E253 3 Steps When a Bitcoin Owner Dies

E253 3 Steps When a Bitcoin Owner Dies


What do you do if someone dies owning Bitcoin, but you have NO IDEA how Bitcoin works? How do you recover the Bitcoin, so it doesn’t get lost forever? Right now, Bitcoin is delicately owned, meaning the tools of ownership are still being ironed out. It’s still very easy to have an accidental catastrophic loss.

Here are the basic steps to find the keys to the decedent’s Bitcoin.

Note that the steps below assume that the decedent’s Bitcoin is not on exchange, since the claim process for an exchange is very similar to traditional bank or brokerage. As exchange is a platform like CoinBase or Gemeni, where you have an account with that entity. Most hard-core bitcoiners have a personal custodied hardware wallet instead. Here, we are talking about those bitcoiners.

1. Look for hardware wallets

Look for hardware wallets

Looking for a wallet is the first and easiest step, because it’s something physical to look for. A hardware wallet may look like a USB drive, a type of smartphone, or a pocket calculator. Not sure what you’re looking at? Open Google images and search for “hardware wallet.”

If you find a hardware wallet, you probably need a PIN code to unlock the device. If you can’t figure out the PIN, at least you know the decedent owned a hardware wallet. If you can’t figure out the PIN, make sure to try step 3 below (word lists).

If you have the PIN, congrats. You’re able to unlock the device to access the decedent’s Bitcoin keys stored inside. (Note – the Bitcoin is not actually on the device. The device is a key to the Bitcoin). You can now use the hardware wallet to access, sell, or transfer the decedent’s Bitcoin. So, be sure to treat the PIN and device very securely.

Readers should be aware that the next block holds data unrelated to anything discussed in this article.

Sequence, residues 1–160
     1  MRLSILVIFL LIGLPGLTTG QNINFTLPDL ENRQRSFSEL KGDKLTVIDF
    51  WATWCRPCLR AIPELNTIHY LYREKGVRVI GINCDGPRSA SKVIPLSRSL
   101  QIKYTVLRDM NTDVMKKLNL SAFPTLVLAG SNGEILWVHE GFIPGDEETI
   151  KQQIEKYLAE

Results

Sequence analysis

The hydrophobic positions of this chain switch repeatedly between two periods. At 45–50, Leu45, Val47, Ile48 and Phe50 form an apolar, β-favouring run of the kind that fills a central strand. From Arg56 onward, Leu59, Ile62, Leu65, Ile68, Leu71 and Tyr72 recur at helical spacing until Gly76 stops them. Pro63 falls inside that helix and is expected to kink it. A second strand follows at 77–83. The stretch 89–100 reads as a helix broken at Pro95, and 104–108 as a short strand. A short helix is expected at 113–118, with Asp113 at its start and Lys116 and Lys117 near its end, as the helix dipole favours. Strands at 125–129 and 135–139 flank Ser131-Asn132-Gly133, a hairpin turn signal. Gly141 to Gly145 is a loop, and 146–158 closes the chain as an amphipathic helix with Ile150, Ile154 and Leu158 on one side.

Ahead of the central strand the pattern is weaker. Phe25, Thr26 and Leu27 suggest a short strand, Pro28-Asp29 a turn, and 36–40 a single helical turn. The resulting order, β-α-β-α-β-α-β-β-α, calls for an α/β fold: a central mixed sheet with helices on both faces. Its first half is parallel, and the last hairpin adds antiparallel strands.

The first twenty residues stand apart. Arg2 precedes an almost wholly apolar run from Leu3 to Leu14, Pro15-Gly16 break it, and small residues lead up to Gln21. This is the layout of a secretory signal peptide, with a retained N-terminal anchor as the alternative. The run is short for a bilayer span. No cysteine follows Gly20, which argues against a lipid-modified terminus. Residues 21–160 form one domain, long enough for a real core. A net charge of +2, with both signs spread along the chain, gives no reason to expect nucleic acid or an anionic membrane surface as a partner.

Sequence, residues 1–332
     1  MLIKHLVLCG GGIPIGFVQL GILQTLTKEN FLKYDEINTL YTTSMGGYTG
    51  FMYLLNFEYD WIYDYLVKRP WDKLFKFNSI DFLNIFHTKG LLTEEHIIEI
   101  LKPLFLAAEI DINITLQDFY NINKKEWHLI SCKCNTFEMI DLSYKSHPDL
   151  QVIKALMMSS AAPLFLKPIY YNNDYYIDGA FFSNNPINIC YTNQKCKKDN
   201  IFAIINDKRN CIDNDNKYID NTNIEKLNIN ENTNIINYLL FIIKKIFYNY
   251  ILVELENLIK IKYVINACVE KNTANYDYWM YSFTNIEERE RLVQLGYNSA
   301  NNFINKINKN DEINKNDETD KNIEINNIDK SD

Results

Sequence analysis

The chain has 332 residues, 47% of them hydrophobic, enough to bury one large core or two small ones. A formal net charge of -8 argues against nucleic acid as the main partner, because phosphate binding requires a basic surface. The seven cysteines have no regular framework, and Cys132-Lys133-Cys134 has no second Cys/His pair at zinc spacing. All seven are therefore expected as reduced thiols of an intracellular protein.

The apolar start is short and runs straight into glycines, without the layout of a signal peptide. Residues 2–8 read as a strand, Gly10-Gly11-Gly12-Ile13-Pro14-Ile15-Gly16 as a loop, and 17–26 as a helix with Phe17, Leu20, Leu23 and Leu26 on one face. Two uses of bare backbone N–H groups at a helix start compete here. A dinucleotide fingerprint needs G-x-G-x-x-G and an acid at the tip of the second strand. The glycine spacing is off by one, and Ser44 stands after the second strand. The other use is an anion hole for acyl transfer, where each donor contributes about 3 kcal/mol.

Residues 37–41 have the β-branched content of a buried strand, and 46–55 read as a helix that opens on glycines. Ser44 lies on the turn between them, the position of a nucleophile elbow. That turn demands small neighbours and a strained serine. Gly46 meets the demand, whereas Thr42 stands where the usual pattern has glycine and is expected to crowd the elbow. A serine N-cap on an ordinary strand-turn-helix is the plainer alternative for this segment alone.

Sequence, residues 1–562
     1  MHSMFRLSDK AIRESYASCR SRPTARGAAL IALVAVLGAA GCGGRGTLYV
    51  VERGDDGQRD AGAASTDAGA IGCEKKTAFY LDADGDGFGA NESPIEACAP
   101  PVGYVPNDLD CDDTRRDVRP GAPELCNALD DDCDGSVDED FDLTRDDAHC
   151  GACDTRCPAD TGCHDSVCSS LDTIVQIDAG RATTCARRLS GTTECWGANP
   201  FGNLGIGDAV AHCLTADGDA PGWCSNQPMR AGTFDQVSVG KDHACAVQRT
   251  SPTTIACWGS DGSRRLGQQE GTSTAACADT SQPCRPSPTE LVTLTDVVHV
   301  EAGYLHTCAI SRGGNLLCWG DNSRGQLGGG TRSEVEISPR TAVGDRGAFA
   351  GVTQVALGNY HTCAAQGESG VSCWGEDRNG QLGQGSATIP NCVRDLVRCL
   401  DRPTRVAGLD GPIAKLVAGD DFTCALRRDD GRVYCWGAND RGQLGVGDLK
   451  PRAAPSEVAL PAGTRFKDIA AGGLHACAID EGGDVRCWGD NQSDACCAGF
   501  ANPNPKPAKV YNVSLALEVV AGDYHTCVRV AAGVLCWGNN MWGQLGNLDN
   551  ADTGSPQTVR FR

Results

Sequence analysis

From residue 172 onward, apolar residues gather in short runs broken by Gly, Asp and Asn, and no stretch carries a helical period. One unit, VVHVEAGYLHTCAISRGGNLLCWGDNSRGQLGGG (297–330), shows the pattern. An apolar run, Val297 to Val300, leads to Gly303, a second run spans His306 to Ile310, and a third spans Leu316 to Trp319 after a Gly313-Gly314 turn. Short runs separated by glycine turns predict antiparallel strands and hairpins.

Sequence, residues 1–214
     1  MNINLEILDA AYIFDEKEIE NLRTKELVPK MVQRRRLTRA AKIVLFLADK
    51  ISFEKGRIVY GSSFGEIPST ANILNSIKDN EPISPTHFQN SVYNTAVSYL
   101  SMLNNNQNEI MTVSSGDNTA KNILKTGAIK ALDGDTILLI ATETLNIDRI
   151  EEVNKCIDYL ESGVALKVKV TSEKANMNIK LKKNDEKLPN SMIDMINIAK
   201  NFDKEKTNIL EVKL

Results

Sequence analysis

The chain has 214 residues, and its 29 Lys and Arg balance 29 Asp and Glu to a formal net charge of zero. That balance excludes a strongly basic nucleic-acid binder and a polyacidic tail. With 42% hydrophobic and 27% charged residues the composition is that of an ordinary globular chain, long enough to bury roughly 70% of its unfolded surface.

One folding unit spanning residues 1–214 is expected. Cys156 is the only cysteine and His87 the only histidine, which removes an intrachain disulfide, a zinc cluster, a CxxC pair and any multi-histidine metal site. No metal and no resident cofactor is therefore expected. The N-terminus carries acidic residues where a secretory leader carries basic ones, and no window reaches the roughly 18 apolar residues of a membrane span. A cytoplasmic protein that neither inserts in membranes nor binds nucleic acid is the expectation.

2. Check phone and computer for software wallets

Check phone and computer for software wallets

You might want to scroll through the decedent’s phone to see what apps the decedent had. Google “top software wallet iPhone” or “best software wallet android” or “mac software wallet” to get an idea which apps to look for.

Again, the software wallet may be password protected. If you can’t guess or find the password, at least you know the decedent has a software wallet. You can use step 3 for word lists (below).

If you have the PIN, congrats. You’re able to unlock the device to access the decedent’s bitcoin keys stored inside. You can now use the hardware wallet to access, sell, or transfer the decedent’s Bitcoin.

Keep this device in a safe place! Anyone who has control over the decedent’s phone has the power to access, sell, or transfer the decedent’s Bitcoin. So, be sure to treat the PIN and device very securely. Also, be sure that you remember the PIN, because the device can lock you out for a period of time after too many failed attempts.

3. Look for 12- or 24-word lists

Look for 12 or 24 word lists

If you found a hardware or software wallet, but you can’t figure out the PIN or password, it’s still possible to access the decedent’s Bitcoin.

The hardware wallet or apps are really just wrappers, ways to conveniently hold the Bitcoin keys, but are not the keys in and of themselves.

Another format for decedent’s Bitcoin keys is a list of 12 or 24 secret words in a specific order (aka “seed phrase”). If you (or anyone else) has these words, you can use them to create a new hardware or software wallet, and therefore have full control to access, sell, or transfer the decedent’s Bitcoin.

You’ll be looking for a card, note, or letter with the seed phrase on it. So, if you find the 12 or 24 words, do NOT:

    1. Share them with anyone;
    2. Copy/paste them onto your phone or computer; or even
    3. Take a picture of them.

Just keep the paper secure until you can safely transfer the Bitcoin to a new account.

It’s also important to mention that even though you trust your lawyer, you shouldn’t share the passwords with him or her. Just let the lawyer know that you are in possession of what you believe is the hardware/software wallet and password.

Hopefully this gives you some insight for what to do and look for when dealing with a decedent’s Bitcoin. These questions and issues will become more common as more people start owning Bitcoin, but for now, most people are not sure how it works.

If you want to learn more about how a professional executor can help , check out my book, “How to Hire an Executor,” available on Amazon. I don’t have a Bitcoin chapter yet, but you’ll get a sense of how choosing a professional can make things easier, especially for something complicated like an estate that includes Bitcoin.

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